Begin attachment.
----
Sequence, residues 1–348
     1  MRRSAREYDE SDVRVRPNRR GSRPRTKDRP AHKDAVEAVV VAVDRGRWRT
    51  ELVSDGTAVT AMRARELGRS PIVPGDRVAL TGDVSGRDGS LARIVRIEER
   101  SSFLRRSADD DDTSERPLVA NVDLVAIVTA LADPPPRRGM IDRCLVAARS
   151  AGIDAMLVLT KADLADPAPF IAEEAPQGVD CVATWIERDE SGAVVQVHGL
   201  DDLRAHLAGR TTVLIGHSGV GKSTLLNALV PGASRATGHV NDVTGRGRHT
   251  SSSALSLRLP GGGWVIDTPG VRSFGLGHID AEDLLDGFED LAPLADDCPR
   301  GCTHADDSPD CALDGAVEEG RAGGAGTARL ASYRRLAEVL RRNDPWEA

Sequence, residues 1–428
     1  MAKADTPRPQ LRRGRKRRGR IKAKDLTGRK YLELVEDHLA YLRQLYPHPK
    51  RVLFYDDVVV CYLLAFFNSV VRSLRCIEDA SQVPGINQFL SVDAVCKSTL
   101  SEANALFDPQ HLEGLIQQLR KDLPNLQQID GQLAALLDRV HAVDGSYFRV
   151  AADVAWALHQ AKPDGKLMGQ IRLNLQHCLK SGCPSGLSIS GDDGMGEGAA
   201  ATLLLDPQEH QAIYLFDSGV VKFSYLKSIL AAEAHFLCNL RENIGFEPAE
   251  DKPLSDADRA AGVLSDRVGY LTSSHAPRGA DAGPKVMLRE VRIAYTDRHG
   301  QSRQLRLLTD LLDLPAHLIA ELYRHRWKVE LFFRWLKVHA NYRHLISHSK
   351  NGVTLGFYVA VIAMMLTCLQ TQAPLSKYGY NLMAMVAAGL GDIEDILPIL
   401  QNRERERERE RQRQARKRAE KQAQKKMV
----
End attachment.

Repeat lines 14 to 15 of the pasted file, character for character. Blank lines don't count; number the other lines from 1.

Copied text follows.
   201  ATLLLDPQEH QAIYLFDSGV VKFSYLKSIL AAEAHFLCNL RENIGFEPAE
   251  DKPLSDADRA AGVLSDRVGY LTSSHAPRGA DAGPKVMLRE VRIAYTDRHG